DEFENSES AND OBJECTIONS - WHEN AND HOW PRESENTED - BY PLEADING OR MOTION - MOTION FOR JUDGMENT ON PLEADINGS
(a) When Presented. A defendant shall serve his answer within 30 days after the service of the complaint upon him, unless the Court directs otherwise when service of process is made pursuant to Rule 4(e), and provided further that the State of South Carolina shall answer or otherwise respond to an application for post-conviction relief within 60 days after service of the application, if it arises out of a guilty plea, and 90 days if it arises out of a trial. A party served with a pleading stating a cross-claim against him shall serve an answer thereto within 30 days after the service upon him. The plaintiff shall serve his reply to a counterclaim in the answer within 30 days after service of the answer or, if a reply is ordered by the court, within 30 days after service of the order, unless the order otherwise directs. The service of a motion permitted under this rule alters these periods of time as follows, unless a different time is fixed by order of the Court: (1) if the Court denies the motion or postpones its disposition until the trial on the merits, the responsive pleading shall be served within 15 days after notice of the Court's action; (2) if the Court grants a motion for a more definite statement the responsive pleading shall be served within 15 days after the service of the more definite statement, and a responsive pleading, if necessary, shall be served within 15 days after notice of the court's action on a motion to strike.
This Rule 12(a) is identical to the Federal Rule except that it changes the time to answer from 20 to 30 days, and the time to plead after motion denied from 10 to 15 days. No other changes in State practice are affected by the Rule.
Note to 1986 Amendment:
The amendment to Rule 12(a)(2) sets the time for response after a motion to strike at 15 days, which is the same time set for pleading after a successful motion for a more definite statement.
Note to 1995 Amendment:
Rule 12(a) is amended to provide special time periods for the State to respond to applications for post-conviction relief because the thirty day time period for civil litigation is often extended so that the State may obtain a transcript of the proceeding before responding.
(b) How Presented. Every defense, in law or fact, to a cause of action in any pleading, whether a claim, counterclaim, cross-claim, or third-party claim, shall be asserted in the responsive pleading thereto if one is required, except that the following defenses may at the option of the pleader be made by motion: (1) lack of jurisdiction over the subject matter, (2) lack of jurisdiction over the person, (3) improper venue, (4) insufficiency of process, (5) insufficiency of service of process, (6) failure to state facts sufficient to constitute a cause of action, (7) failure to join a party under Rule 19, (8) another action is pending between the same parties for the same claim. A motion making any of these defenses shall be made before pleading if a further pleading is permitted. No defense or objection is waived by being joined with one or more other defenses or objections in a responsive pleading or motion. If a pleading sets forth a cause of action or defense to which an adverse party is not required to serve a responsive pleading, he may assert at the trial any defense in law or fact to that cause of action or defense. If, on a motion asserting the defense numbered (6) to dismiss for failure of the pleading to state facts sufficient to constitute a cause of action, matters outside the pleading are presented to and not excluded by the Court, the motion shall be treated as one for summary judgment and disposed of as provided in Rule 56, and all parties shall be given reasonable opportunity to present all material made pertinent to such a motion by Rule 56.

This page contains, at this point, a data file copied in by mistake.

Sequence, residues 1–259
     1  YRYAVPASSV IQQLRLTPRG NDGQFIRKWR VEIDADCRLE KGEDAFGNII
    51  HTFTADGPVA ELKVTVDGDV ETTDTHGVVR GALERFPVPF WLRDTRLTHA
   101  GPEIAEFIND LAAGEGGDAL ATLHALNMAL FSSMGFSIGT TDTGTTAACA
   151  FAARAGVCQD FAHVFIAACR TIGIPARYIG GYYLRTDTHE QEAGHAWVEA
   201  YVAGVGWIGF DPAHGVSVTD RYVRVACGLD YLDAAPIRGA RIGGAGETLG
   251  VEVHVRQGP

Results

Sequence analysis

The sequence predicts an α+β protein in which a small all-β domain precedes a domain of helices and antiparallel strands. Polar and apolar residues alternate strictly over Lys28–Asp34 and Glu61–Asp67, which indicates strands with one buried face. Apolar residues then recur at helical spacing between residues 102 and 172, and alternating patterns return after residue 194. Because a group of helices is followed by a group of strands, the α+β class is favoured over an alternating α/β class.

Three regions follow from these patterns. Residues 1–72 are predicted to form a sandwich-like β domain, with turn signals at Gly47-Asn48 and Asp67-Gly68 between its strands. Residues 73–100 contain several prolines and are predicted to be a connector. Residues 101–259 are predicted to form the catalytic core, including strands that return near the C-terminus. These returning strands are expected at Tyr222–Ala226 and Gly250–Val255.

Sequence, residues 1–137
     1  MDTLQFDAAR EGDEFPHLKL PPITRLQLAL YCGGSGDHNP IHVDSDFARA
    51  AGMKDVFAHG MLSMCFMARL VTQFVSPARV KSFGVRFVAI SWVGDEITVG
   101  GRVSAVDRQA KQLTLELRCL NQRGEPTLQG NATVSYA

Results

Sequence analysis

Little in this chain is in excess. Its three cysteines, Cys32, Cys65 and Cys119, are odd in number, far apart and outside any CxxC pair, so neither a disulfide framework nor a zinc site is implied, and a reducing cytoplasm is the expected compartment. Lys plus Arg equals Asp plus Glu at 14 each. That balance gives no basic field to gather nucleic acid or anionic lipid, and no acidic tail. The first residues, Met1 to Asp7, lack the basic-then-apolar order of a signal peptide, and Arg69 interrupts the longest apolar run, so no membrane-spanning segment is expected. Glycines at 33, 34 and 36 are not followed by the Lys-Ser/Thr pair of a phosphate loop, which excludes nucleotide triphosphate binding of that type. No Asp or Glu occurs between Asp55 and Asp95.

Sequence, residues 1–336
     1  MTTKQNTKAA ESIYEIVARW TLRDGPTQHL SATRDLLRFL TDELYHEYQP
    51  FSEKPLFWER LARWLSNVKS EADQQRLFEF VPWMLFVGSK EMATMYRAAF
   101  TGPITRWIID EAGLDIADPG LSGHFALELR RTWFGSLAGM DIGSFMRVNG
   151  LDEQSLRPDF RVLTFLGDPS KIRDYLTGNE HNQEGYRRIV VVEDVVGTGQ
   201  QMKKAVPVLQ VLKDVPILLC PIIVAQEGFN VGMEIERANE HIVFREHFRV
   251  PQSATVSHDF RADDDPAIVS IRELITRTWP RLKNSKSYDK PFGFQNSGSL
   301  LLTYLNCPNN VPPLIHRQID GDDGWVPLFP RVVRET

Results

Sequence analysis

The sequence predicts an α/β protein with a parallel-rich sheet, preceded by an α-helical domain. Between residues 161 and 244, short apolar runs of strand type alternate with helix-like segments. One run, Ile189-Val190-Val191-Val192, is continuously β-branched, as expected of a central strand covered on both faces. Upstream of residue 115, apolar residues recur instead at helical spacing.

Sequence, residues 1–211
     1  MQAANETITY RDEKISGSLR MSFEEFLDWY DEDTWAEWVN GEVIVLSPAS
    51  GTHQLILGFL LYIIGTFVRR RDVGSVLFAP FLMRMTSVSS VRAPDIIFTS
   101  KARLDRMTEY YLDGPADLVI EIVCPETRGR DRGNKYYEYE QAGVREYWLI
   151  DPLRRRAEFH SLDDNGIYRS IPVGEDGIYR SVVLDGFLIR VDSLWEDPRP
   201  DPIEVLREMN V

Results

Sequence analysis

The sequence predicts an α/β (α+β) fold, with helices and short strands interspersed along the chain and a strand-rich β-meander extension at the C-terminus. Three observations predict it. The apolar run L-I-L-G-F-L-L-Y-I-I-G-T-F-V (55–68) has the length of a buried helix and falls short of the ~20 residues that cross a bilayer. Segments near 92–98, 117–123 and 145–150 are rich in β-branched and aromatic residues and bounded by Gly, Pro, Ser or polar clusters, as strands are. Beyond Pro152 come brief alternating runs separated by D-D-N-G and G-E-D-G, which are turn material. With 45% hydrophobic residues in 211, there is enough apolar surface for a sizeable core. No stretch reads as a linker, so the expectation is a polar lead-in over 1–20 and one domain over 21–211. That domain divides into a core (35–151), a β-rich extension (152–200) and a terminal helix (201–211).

This important Rule 12(b) enables a party to: (1) raise by motion or answer all of the defenses now raised by demurrer, and (2) eliminates the necessity of the awkward "special appearance to object to jurisdiction" under present State practice. The motion should be made before answer for early disposition of cases; but the defenses enumerated may be made in the responsive pleading and are not waived by being stated in a pleading rather than by motion. The last sentence eliminates the so-called "speaking demurrer" at trial, by treating such late motion as a motion for Summary Judgment under Rule 56.
Note to 1986 Amendment:
The amendment to the fourth sentence of Rule 12(b) clarifies the litigant's right to assert at trial any defenses as well as any claims he could have raised in a permissive pleading but chose not to do so. Consequently, the election not to reply to an affirmative defense does not waive the right to contest that affirmative defense.